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Murrini Signature

Its been 7 years in the making, and it finally happened! I made myself a lampwork glass signature murrini. Now I can sign my work like a real artist.

I’ve wanted to make myself a signature murrini for many years. Setting aside the time to actually accomplish it though was always the problem. Making a letter murrini involves many steps and many hours to complete. Another thing this takes a lot of, glass. Lots and lots of glass.

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There is a special project that I’ll be working on the next couple of months and having the pieces “signed” will make them all the better. See I’ve been working on the same torch for the past 7 years and I realize that If I want to keep growing in my artistic abilities, I need an upgrade. There are so many things that I want to make but I can’t because my trusty little torch can only get so hot, and the flame only so big.

My studio 2.0 overhaul is going to be a pricey undertaking, to the tune of 4 grand or more. So I’ll be attempting to raise the necessary funds through a kickstarter campaign. This is the main reason behind me finally biting the bullet as they say and making my signature cane.

Do feel something is more collectible or value a piece higher if it includes an artists mark?

How To Use Our Star Murrini Cane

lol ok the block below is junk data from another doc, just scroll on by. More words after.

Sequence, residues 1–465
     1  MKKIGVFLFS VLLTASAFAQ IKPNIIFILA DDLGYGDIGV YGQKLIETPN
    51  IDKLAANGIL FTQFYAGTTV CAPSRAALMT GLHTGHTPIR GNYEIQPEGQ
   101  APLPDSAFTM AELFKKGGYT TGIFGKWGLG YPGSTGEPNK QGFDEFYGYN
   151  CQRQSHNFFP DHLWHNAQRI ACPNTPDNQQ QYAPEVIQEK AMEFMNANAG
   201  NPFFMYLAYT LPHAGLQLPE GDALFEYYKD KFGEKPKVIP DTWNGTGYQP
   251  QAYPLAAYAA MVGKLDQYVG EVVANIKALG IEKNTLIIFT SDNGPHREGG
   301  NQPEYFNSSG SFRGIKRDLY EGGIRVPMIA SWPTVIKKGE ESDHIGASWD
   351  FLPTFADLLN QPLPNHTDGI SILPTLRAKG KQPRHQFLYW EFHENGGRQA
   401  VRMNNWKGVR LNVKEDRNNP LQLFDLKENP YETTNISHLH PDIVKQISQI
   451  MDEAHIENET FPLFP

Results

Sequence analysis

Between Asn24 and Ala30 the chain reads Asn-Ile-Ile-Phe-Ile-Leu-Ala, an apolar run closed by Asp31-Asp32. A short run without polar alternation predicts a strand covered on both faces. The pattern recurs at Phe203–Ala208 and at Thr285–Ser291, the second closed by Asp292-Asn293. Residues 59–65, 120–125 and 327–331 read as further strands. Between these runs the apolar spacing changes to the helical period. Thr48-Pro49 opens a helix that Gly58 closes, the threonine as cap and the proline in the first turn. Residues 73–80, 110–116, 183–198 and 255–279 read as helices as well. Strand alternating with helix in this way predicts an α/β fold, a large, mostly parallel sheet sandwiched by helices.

If you’ve never used murrini in cane form this blog post will hopefully answer all of your questions. If not leave a comment and I’ll answer any questions you may have on this technique.

These little stars are great for adding character to your holiday beads (Halloween, Christmas) and landscape beads.

Using Our Star Cane:

Unlike larger murrini that is used in slices, our star cane is meant to be used right off the cane. This is only possible up to a certain diameter, too big of a murrini and the image will not transfer correctly to your work. Our star murrini cane works perfectly using the “snap off” technique that I’m about to show you.

You will need:

104coe Star Murrini Cane

104coe Rod or Stringer of Clear (optional)

Murrini Placement


Start by creating your bead and adding any design elements you wish. Here I’m just using an example paddle as I couldn’t find my mandrels to make a bead at the moment.

When you are ready to start placing your murrini stars decide where you want the first star to go. Heat that section until it is nice and glowing. Doesn’t have to be soupy hot but it has to be able to accept being manipulated.



Pokey pokey..


Grab your star murrini cane and quickly push it into the spot that you heated. Too get the most out of your cane it’s important to remember not to shove the cane in so far that you’re wasting valuable millimeters.